Show simple item record

dc.contributor.authorSchottenfeld, Richard S.
dc.contributor.authorPakes, Juliana
dc.contributor.authorOliveto, Alison
dc.contributor.authorZiedonis, Douglas M.
dc.contributor.authorKosten, Thomas R.
dc.date2022-08-11T08:10:26.000
dc.date.accessioned2022-08-23T17:08:42Z
dc.date.available2022-08-23T17:08:42Z
dc.date.issued1997-08-01
dc.date.submitted2010-08-28
dc.identifier.citationArch Gen Psychiatry. 1997 Aug;54(8):713-20.
dc.identifier.issn0003-990X (Linking)
dc.identifier.pmid9283506
dc.identifier.urihttp://hdl.handle.net/20.500.14038/45640
dc.description.abstractBACKGROUND: Buprenorphine, a partial mu-agonist and kappa-antagonist, has been proposed as an alternative to methadone for maintenance treatment of opioid dependence, especially for patients with concurrent cocaine dependence or abuse. This study evaluated whether higher maintenance doses of buprenorphine and methadone are superior to lower doses for reducing illicit opioid use and whether buprenorphine is superior to methadone for reducing cocaine use. METHODS: A total of 116 subjects were randomly assigned to 1 of 4 maintenance treatment groups involving higher or lower daily doses of sublingual buprenorphine (12 or 4 mg) or methadone (65 or 20 mg) in a double-blind, 24-week clinical trial. Outcome measures included retention in treatment and illicit opioid and cocaine use as determined by urine toxicology testing and self-report. RESULTS: There were significant effects of maintenance treatment on rates of illicit opioid use, but no significant differences in treatment retention or the rates of cocaine use. The rates of opioid-positive toxicology tests were lowest for treatment with 65 mg of methadone (45%), followed by 12 mg of buprenorphine (58%), 20 mg of methadone (72%), and 4 mg of buprenorphine (77%), with significant contrasts found between 65 mg of methadone and both lower-dose treatments and between 12 mg of buprenorphine and both lower-dose treatments. CONCLUSIONS: The results support the superiority of higher daily buprenorphine and methadone maintenance doses vs lower doses for reducing illicit opioid use, but the results do not support the superiority of buprenorphine compared with methadone for reducing cocaine use.
dc.language.isoen_US
dc.relation<a href="http://www.ncbi.nlm.nih.gov/entrez/query.fcgi?db=pubmed&cmd=Retrieve&list_uids=9283506&dopt=Abstract">Link to Article in PubMed</a>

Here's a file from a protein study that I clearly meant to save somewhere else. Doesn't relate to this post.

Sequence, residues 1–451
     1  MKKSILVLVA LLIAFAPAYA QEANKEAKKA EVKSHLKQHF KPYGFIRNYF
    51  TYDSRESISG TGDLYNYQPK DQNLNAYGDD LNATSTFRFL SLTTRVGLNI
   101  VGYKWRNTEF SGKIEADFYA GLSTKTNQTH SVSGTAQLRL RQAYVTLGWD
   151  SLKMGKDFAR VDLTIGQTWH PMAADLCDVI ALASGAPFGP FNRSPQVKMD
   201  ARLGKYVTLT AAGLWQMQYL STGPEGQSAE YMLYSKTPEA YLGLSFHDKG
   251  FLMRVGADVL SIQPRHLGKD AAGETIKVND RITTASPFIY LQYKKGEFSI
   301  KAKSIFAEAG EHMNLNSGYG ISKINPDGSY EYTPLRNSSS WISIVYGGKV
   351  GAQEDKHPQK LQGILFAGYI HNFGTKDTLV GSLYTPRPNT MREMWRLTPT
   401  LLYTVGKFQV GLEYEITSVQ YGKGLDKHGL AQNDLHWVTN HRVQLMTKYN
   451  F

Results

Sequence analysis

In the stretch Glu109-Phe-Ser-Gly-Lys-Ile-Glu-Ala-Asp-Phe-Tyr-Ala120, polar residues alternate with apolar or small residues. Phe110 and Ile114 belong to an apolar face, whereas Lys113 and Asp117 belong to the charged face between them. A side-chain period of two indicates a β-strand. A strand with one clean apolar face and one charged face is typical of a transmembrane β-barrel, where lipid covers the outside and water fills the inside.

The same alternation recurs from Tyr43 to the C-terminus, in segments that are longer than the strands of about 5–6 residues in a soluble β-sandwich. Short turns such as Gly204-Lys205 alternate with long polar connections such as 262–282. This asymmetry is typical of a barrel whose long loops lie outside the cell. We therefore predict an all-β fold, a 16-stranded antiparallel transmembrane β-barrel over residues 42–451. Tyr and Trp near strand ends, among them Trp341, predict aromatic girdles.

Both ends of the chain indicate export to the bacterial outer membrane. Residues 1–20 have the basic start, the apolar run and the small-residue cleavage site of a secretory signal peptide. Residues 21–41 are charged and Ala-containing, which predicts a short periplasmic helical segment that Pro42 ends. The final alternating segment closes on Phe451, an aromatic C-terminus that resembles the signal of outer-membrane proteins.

dc.relation.urlhttp://archpsyc.ama-assn.org/cgi/reprint/54/8/713
dc.subjectAdult
dc.subjectBuprenorphine
dc.subject*Cocaine
dc.subjectDose-Response Relationship, Drug
dc.subjectDouble-Blind Method
dc.subjectDrug Administration Schedule
dc.subjectFemale
dc.subjectHumans
dc.subjectMale
dc.subjectMethadone
dc.subjectOpioid-Related Disorders
dc.subjectSubstance-Related Disorders
dc.subjectTreatment Outcome
dc.subjectPsychiatry
dc.titleBuprenorphine vs methadone maintenance treatment for concurrent opioid dependence and cocaine abuse
dc.typeJournal Article
dc.source.journaltitleArchives of general psychiatry
dc.source.volume54
dc.source.issue8
dc.identifier.legacycoverpagehttps://escholarship.umassmed.edu/psych_pp/174
dc.identifier.contextkey1482975
html.description.abstract<p>BACKGROUND: Buprenorphine, a partial mu-agonist and kappa-antagonist, has been proposed as an alternative to methadone for maintenance treatment of opioid dependence, especially for patients with concurrent cocaine dependence or abuse. This study evaluated whether higher maintenance doses of buprenorphine and methadone are superior to lower doses for reducing illicit opioid use and whether buprenorphine is superior to methadone for reducing cocaine use.</p> <p>METHODS: A total of 116 subjects were randomly assigned to 1 of 4 maintenance treatment groups involving higher or lower daily doses of sublingual buprenorphine (12 or 4 mg) or methadone (65 or 20 mg) in a double-blind, 24-week clinical trial. Outcome measures included retention in treatment and illicit opioid and cocaine use as determined by urine toxicology testing and self-report.</p> <p>RESULTS: There were significant effects of maintenance treatment on rates of illicit opioid use, but no significant differences in treatment retention or the rates of cocaine use. The rates of opioid-positive toxicology tests were lowest for treatment with 65 mg of methadone (45%), followed by 12 mg of buprenorphine (58%), 20 mg of methadone (72%), and 4 mg of buprenorphine (77%), with significant contrasts found between 65 mg of methadone and both lower-dose treatments and between 12 mg of buprenorphine and both lower-dose treatments.</p> <p>CONCLUSIONS: The results support the superiority of higher daily buprenorphine and methadone maintenance doses vs lower doses for reducing illicit opioid use, but the results do not support the superiority of buprenorphine compared with methadone for reducing cocaine use.</p>
dc.identifier.submissionpathpsych_pp/174
dc.contributor.departmentDepartment of Psychiatry
dc.source.pages713-20


This item appears in the following Collection(s)

Show simple item record